This fall I spent some time in the garage cutting and welding an attachment for our tractor so it could plow snow around the farm. Years ago I bought a pickup truck at a municipal auction, and it came with a snow plow. The truck rusted itself into ruin and is no longer with us, but the plow remained in reasonable shape. No longer having a plow truck and living as we do on a snowy hilltop, it seemed like a good idea to rework the plow into a tractor implement.
I completed the project before winter, early enough time to paint it before the weather turned too cold. But I didn’t want to show any pictures before we actually put it to work a bit. At this point it has been through its paces with a few good snow storms, so I think it is ready for public view.
I fabricated a bracket that attaches to the tractor loader. It reuses the original connections with the lower pins and an upper chain, permitting the plow to “float” along uneven surfaces. For the situations when I need to apply downward force to the cutting edge, I included two blocks that press down on the plow’s A-frame whenever I curl the loader forward. This arrangement seems to give the right balance, allowing me to choose between a floating blade and a scraping blade.
For the hydraulics I was able to reuse the cylinders on the original plow, but the old hoses needed replacement. Since the tractor’s pressure and flow rates are quite a bit higher than a standard pickup truck setup, I found I needed to install flow reducing fittings to slow the angling function down, preventing things from slamming back and forth. I also decided to purchase a crossover relief valve, so if the corner of the plow catches on a stump or a rock it will allow the entire moldboard to angle away from the object rather than blowing out the hydraulic cylinder.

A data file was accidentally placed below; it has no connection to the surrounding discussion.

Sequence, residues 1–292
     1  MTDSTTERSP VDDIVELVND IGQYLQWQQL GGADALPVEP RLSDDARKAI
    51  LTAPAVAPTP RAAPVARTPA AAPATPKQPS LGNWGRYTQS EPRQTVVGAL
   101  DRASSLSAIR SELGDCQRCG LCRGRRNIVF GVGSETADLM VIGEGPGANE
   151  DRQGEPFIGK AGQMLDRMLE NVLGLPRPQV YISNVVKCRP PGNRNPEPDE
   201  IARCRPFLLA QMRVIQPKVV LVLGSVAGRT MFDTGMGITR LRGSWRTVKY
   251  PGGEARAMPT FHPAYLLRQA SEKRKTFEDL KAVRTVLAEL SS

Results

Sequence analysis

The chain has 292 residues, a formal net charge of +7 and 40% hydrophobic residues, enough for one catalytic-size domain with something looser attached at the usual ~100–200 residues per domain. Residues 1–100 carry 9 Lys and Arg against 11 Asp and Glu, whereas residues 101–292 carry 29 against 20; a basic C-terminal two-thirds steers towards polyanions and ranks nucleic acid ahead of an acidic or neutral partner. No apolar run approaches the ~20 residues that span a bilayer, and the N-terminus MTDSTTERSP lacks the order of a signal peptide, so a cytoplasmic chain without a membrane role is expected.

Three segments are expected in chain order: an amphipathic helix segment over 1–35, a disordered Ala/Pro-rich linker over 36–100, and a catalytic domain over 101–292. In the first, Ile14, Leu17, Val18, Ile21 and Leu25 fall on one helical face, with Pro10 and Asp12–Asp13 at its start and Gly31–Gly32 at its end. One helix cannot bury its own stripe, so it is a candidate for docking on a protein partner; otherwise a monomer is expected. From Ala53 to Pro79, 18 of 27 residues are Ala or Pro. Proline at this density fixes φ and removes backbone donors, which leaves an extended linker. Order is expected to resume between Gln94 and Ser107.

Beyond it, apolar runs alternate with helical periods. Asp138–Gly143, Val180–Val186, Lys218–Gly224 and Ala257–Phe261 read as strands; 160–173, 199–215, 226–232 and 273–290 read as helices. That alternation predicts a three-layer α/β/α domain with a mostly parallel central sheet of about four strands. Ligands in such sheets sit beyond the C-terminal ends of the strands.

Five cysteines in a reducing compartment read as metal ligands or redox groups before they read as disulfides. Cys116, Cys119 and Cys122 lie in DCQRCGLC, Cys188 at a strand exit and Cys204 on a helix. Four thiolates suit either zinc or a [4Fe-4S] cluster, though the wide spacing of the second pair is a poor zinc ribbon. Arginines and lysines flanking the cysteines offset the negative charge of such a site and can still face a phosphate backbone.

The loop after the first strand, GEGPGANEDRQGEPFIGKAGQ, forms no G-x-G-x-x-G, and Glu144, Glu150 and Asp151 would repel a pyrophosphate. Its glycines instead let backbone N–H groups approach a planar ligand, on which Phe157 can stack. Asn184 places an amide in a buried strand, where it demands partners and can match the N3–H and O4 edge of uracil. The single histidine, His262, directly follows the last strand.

Nothing here is especially original or creative — plenty of folks have adapted snow plows to tractors. But in every homemade project like this, there’s a specialness for the creator connected to the odd bits of history built into it. All the 3/8 steel for brackets and gussets came from a heavy scrap of metal my Dad found for me and lugged up here. The 2×4 tubes were leftovers from a trailer I repaired in 2013. The trailer repair became necessary when an (unnamed) preschooler of mine managed to shift the towing pickup truck out of Park into Neutral when I stepped out to close the gate, and coasted backwards down the sloping pasture and through a wire fence, only stopping when the trailer jack-knifed itself into the bed of the truck. And the 2×3 tubes were offcuts from a chicken shelter I built in 2018, back when the farm was just starting to pick up some momentum and we realized we needed to get serious about our chicken infrastructure. The size of each scrap of steel influenced the way I designed the components for this project, fitting each one around what I had to work with. In the same way that homemade quilts and rag rugs crafted from salvaged fabric and worn out clothes carry old stories and memories, all other custom projects also contain their own tales. I love to pick up on that sense of the richness of a backstory whenever someone shows me something they’ve been working on. All our artifacts convey a little bit of our humanity.